In 1943 she decided that she had a responsibility to help the Jews of Hungary. She was chosen to join a Jewish brigade of the British army and was trained in wireless use and parachuting. She was transported with her cohort to Europe where she and the others were ordered to parachute into their native countries and rally local support against the Germans. After several months she parachuted into Yugoslavia and after another delay she finally crossed into Hungary in June of 1944. She was immediately arrested and accused of spying. She was stripped and tortured for several days in an attempt to force her to give away the wireless code so that other spies could be caught. The efforts came to naught.

Her mother was arrested and brought to the prison. She had not seen her daughter in years, thinking Chana was in Palestine, and yet here she was with a bloated face from beatings and teeth knocked out. Her mother was threatened with death if Chana would not reveal the codes, but she still refused. For several months she and her mother were kept separately in the same prison.

When the Germans took over the Hungarian government, her mother was freed, and Chana was put on trial. She admitted to intending to free Jews and spoke very sharply to the court. She was sentenced to death. Subsequently she was told that if she asked for clemency her sentence would be reduced but she refused, and she was executed by firing squad. Friends were able to claim her body and have her buried in a Jewish cemetery. Six years later her body was brought to Israel for burial.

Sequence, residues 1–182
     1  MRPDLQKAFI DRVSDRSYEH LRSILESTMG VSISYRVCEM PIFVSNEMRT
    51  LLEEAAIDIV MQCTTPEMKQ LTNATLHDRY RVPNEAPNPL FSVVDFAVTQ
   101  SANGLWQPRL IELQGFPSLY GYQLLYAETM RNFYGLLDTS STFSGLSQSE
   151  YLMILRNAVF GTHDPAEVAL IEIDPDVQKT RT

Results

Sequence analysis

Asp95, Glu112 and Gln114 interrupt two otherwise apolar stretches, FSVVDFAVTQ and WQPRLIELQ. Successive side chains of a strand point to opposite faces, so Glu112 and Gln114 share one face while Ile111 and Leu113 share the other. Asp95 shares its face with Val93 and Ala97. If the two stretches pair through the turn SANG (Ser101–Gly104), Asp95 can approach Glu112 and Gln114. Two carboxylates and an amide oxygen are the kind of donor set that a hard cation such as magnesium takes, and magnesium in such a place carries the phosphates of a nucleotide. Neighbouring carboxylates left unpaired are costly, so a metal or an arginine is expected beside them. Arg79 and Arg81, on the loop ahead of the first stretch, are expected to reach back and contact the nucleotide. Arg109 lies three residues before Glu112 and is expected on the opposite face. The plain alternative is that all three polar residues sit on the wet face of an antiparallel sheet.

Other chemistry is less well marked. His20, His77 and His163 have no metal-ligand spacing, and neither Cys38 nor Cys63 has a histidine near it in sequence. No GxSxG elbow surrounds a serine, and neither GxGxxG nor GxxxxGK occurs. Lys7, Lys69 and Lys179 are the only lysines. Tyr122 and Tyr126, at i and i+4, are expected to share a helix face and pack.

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The 23rd of Cheshvan is the Yahrzeit of Rav Yaakov Dovid Gordon (1873-1947), “Chief Rabbi” of Norfolk. Born in Lithuania, his father died when he was five years old, and he was raised by his aunt and uncle. Following his eleventh birthday he attended a succession of yeshivos including those in Telshe and Eishishok. In a letter written in 1891, Rav Leizer Gordon, Rosh Yeshiva of Telshe, praises him for his great diligence and mentions that even though relatives had encouraged him to relocate to America he demurred as his only interest was studying Torah. He also received a letter from Rav Shimon Shkop that was filled with glowing praise.

After his marriage in 1895 he was accepted, into the very exclusive Kovno Kollel. He received smicha from Rav Tzvi Hirsch Rabinowitz of Slabodka, as well as from the Rosh Kollel. He then moved to Chicago where he spent a year and a half. Following that he was invited to become the head of the United Orthodox Synagogues of Norfolk where he spent the last forty years of his life. He was very active in the Agudas HaRabbonim. In 1946 he published his first sefer and left a large quantity of manuscripts which the Agudas HaRabbonim was responsible for translating from Yiddish to Hebrew and publishing (much of the information here comes from the introduction to one of those seforim and was compiled by Rav Shmuel Pliskin of Baltimore at the behest of the Agudas HaRabbonim.)

In his will he left any money he had to an organization for refugee rabbis in Israel, and his large library was donated to the Telshe yeshiva which had by then relocated to Cleveland. He passed away in Sinai Hospital in Baltimore.

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Chayim Lando is the practice manager at Maryland Neuro Rehab & Wellness Center and has been a Jewish educator for over three decades. His favorite activities are studying and teaching Talmud and spending time with his grandchildren.